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Planta Daninha

Print version ISSN 0100-8358On-line version ISSN 1806-9681

Planta daninha vol.36  Viçosa  2018  Epub Nov 08, 2018 


Resistance to Glyphosate in Populations of Digitaria insularis

Resistência ao Glyphosate em Populações de Digitaria insularis

N.V. COSTA1  * 





1 Universidade Estadual do Oeste do Paraná, Marechal Cândido Rondon-PR, Brasil.

2Universidade Estadual de Maringá, Umuarama- PR, Brasil.


The intensive use of glyphosate can select resistant populations. This study aimed at evaluating the occurrence of glyphosate resistance in populations of D. insularis in agricultural areas. Three experiments were conducted in randomized block experimental design with four replications. The Resistance Degree (RD) was determined by a dose-response curve in the evaluated populations: Experiment 2012, São Camilo (R01 and R02) and Palotina (R03, R04 and S05-susceptible); Experiment 2013 Palotina (R06 and R12), Katueté/Paraguay (R07), Toledo (R08 and R10), Cascavel (R09), São Miguel do Iguaçu (R11), Dom Eliseu/Pará (S13-susceptible); Experiment 2015 Nova Aurora (R14), Iracema do Oeste (R15 and R16), Jesuitas (R17 and R18), Tupãssi (R19), Jotaesse (R20), Espigão Azul (R21) and Palmitopolis (S22- susceptible). In 2012, it was possible to confirm a moderate resistance (RD = 1.1 to 5.0) only in R03; and populations R01, R02 and R04 were highly resistant (RD>5.0). In 2013, populations R09, R10, R11 and R12 showed resistance, while R06, R07 and R08 were highly resistant. In 2015, the R14, R16, R18, R19 and R20 populations showed moderateresistance, and R15 and R18 were highly resistant. Only R21 was susceptible. It was found that 83% of producers use the no-tillage system, 100% use the succession soybean/corn with 90% transgenic varieties, 45% of producers cannot explain the procedure regulation/sprayer calibration. Around 62% use practices to prevent the selection of resistant biotypes. Resistance was confirmed in 89.5% of the populations. The adopted agronomic practices may explain these results.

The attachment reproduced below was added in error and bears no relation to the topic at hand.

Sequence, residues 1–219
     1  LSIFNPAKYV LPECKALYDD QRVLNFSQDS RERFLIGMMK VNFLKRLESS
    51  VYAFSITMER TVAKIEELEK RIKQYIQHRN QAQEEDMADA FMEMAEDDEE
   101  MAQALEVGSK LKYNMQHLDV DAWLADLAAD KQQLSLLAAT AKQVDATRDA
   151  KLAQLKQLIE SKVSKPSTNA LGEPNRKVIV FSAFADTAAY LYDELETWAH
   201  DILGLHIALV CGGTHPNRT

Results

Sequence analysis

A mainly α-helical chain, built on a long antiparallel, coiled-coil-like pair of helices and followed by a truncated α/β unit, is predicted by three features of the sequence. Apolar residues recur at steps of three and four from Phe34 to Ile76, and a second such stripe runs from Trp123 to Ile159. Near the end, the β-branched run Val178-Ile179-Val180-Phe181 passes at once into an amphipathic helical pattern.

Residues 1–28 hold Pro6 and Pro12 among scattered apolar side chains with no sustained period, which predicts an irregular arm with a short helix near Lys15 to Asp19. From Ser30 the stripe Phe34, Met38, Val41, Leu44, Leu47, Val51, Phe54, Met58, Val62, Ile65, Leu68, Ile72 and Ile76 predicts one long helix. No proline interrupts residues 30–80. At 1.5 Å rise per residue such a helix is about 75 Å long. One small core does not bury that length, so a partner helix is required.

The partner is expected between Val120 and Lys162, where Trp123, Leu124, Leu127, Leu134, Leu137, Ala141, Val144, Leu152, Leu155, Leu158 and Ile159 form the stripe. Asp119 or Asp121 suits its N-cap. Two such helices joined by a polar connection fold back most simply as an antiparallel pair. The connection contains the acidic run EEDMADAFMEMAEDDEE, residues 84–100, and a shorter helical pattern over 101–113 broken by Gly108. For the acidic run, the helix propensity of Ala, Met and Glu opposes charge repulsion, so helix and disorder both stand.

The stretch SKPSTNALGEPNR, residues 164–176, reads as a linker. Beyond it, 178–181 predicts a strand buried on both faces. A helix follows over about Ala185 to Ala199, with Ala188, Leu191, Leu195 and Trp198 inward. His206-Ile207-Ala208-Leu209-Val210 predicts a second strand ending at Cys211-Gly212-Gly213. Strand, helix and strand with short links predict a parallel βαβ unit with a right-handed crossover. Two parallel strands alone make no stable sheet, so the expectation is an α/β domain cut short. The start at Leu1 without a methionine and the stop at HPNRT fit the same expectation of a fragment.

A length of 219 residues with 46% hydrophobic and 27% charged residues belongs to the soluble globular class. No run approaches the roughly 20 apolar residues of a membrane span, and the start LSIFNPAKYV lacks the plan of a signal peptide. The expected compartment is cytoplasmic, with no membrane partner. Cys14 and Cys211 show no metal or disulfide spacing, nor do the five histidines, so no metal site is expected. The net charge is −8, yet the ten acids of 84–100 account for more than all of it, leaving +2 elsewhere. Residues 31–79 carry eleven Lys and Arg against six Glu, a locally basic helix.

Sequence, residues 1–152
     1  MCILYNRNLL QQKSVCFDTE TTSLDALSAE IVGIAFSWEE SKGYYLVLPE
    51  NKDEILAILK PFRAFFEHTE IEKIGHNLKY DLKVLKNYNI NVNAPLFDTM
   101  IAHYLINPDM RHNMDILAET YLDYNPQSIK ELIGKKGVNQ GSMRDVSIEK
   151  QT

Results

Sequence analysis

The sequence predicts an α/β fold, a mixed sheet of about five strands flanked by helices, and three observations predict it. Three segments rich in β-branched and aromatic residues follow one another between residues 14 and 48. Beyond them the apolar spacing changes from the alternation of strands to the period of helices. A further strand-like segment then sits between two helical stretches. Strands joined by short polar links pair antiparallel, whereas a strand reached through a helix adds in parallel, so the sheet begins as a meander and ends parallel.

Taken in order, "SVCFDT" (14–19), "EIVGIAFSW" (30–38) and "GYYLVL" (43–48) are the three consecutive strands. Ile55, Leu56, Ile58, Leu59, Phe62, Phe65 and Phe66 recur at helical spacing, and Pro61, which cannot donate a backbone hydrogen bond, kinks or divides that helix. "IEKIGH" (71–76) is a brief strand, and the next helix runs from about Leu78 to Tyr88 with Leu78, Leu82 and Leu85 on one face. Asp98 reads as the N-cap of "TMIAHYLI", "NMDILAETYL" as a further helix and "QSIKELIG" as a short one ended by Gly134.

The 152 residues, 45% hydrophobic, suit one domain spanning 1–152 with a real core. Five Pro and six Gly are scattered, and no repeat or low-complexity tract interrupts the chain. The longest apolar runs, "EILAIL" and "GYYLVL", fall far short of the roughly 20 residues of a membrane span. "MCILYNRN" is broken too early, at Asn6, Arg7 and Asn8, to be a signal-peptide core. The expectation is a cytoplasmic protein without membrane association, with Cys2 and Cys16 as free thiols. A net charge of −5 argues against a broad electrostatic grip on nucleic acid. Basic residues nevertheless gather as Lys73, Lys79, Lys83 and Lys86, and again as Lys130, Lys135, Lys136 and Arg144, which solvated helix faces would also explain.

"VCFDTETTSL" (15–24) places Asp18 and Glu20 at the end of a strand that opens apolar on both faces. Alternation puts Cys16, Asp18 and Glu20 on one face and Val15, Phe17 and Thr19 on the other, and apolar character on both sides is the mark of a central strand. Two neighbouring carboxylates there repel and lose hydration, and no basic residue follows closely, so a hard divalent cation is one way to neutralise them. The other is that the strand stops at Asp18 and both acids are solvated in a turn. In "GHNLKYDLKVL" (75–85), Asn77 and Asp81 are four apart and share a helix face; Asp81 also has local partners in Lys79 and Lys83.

Keywords: sourgrass; agricultural practices; weed; herbicide